I hope the flight is on time
Do you sometimes feel like living in a cage? Not the sturdy, steel-bar kind but just as confining. It is your self-limiting thoughts that lock you in a lonely, uneventful and often miserable existence.
Your thoughts detain you in your comfort zone; fearful of the uncertainties that may come should you dare venture out. Thus you grudgingly accept your lack of purpose, of staring at the same old, scruffy walls of your home, eat microwavable meals, watch old and boring sitcoms, and talk to people as old as you and as locked in their own cages.
You find life to be such a drag.
Being a live-alone widower, I sometimes feel the same way – like a hamster going round and round its wheel. It is maddening. So each time I like a hamster, I get up, get out and just go before I implode.
You should do the same –when you feel the walls closing in on you, just go, anywhere, and loosen yourself up a bit.
A walk around the neighborhood is often good enough. If you want to explore, have an adventure, go for a long drive, or take a train or a plane trip to a far, far away place. Believe me, it is remarkably therapeutic to both body and mind.
How is travel good for the body?
It is a good exercise, especially for seniors, i.e., dragging your heavy baggage around, running after a taxi, or lining up in front of a check-in counter.
Exploring the streets of unfamiliar cities, or walking around museums, sightseeing or leafing through bookstores is exercise you couldn’t at home.
US News reported that a typical travel can make you walk up to 10 miles a day.
Why is it good for the mind?
Traveling exercise the mind as well.
Navigating new cities, exploring museums, chatting with new people, practicing new languages, and seeing new sights are all stimulating to the brain; they flex your mental muscles and keep your brain active.
Dr. Margaret J. King, director of the Center for Cultural Studies & Analysis says, “With a short list of activities each day, freed up from the complexities of ongoing projects and relationships, the mind can reset, as does the body, with stress relief the main outcome.”
Learning new things is good for the mind, so is giving it a rest.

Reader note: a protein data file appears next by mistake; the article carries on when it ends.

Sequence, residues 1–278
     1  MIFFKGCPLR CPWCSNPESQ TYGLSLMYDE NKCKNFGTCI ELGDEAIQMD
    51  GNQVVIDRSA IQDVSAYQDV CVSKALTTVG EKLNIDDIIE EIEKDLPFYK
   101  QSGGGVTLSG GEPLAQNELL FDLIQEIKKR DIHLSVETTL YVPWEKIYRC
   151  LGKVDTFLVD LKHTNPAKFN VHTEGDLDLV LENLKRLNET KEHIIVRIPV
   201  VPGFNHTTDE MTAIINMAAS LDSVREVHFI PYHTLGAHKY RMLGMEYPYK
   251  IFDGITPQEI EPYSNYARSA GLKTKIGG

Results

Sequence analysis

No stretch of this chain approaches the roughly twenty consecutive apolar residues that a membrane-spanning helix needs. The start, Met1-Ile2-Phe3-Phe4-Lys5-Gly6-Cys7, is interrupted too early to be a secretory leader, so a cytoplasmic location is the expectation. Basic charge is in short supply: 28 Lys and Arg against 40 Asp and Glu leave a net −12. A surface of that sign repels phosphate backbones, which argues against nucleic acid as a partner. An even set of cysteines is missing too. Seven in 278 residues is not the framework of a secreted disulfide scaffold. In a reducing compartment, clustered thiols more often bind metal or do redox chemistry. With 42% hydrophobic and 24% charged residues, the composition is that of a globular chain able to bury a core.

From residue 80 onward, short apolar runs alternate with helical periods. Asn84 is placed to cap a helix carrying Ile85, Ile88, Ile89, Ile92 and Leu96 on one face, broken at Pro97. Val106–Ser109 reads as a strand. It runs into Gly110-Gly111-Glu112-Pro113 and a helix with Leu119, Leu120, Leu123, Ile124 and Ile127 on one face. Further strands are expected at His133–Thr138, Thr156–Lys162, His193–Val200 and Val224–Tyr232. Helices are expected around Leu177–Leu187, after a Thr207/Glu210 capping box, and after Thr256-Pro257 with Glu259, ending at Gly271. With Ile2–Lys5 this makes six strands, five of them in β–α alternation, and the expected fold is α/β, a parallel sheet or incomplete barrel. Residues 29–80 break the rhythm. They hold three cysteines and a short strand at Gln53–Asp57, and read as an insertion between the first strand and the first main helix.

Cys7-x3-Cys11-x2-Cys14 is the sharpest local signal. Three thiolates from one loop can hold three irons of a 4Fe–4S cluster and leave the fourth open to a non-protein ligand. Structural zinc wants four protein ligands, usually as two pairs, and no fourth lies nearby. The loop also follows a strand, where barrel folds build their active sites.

Other benefits you get from traveling are:
1. A change in scenery:
Travelling allows you to see new and different scenes.
You can walk through the clouds in mountain tops, or feel salty spree on your face while sitting on a quiet and lovely beach somewhere.
Though less frequent, but a scene in scenery is just as necessary for your body and mind as changing your linens, your underwear, or clothes.
2. It is liberating:
Travel makes you forget, even for a while, your daily concerns and opens up a world of endless possibilities. It allows you to do whatever you want to do, and go wherever you want to go. That is freedom.
You can try out new things, explore places, or live outside of the norms you live by back home.
It can make you forget of your age and be as gleeful as a child again.
3. Connecting with others:
Traveling gives you an excellent opportunity to connect with other people, i.e., the guy beside you in a bus, train, or plane, for example.
They are not just people who happen to be near you, but valuable sources of information, and possibly becoming good friends.
They can give you invaluable safety tips, interesting points to see, places to avoid, nearest police station or hospital.
If done amiably, a few minutes of friendly conversation can allow you to see them as they are, like how they live where they work, their marital status, or number of children, if they have any, etc.
While waiting for my daughter and her hubby who were window-shopping, I talked with the mall’s security guard. From him I learned so much about the city, which I could never have through walking around the shopping center.
4. Allows you to find yourself:
In the course of a day, you are so engrossed with money, relationship, and health issues to know that there is so much in life other than fighting bushfires.
To see the horizon, you need to view it from a distance.
Traveling gives you that distance; it is seeing things from outside your cage. It allows you to see yourself from another perspective, i.e., your life’s purpose, your values, your needs, what makes you happy or sad, what interests you most in life, and your goals and ambitions..
Away from the maddening crowd, travel allows you to find yourself.
This year I have logged a lot of travel mileage. Most of them were with my daughter and her hubby who kindly took me along. The rest were solos.
Regardless of the mode, I always come home refreshed, rejuvenated and with lots of memories of the trip and a ton of pictures for posterity.
I plan to make three solos before the year is over and next year, when I turn 70, I plan to take a very long motorcycle ride.
That is how addicting travel is. Once it gets into your system, and make you want to do it as long as you can.
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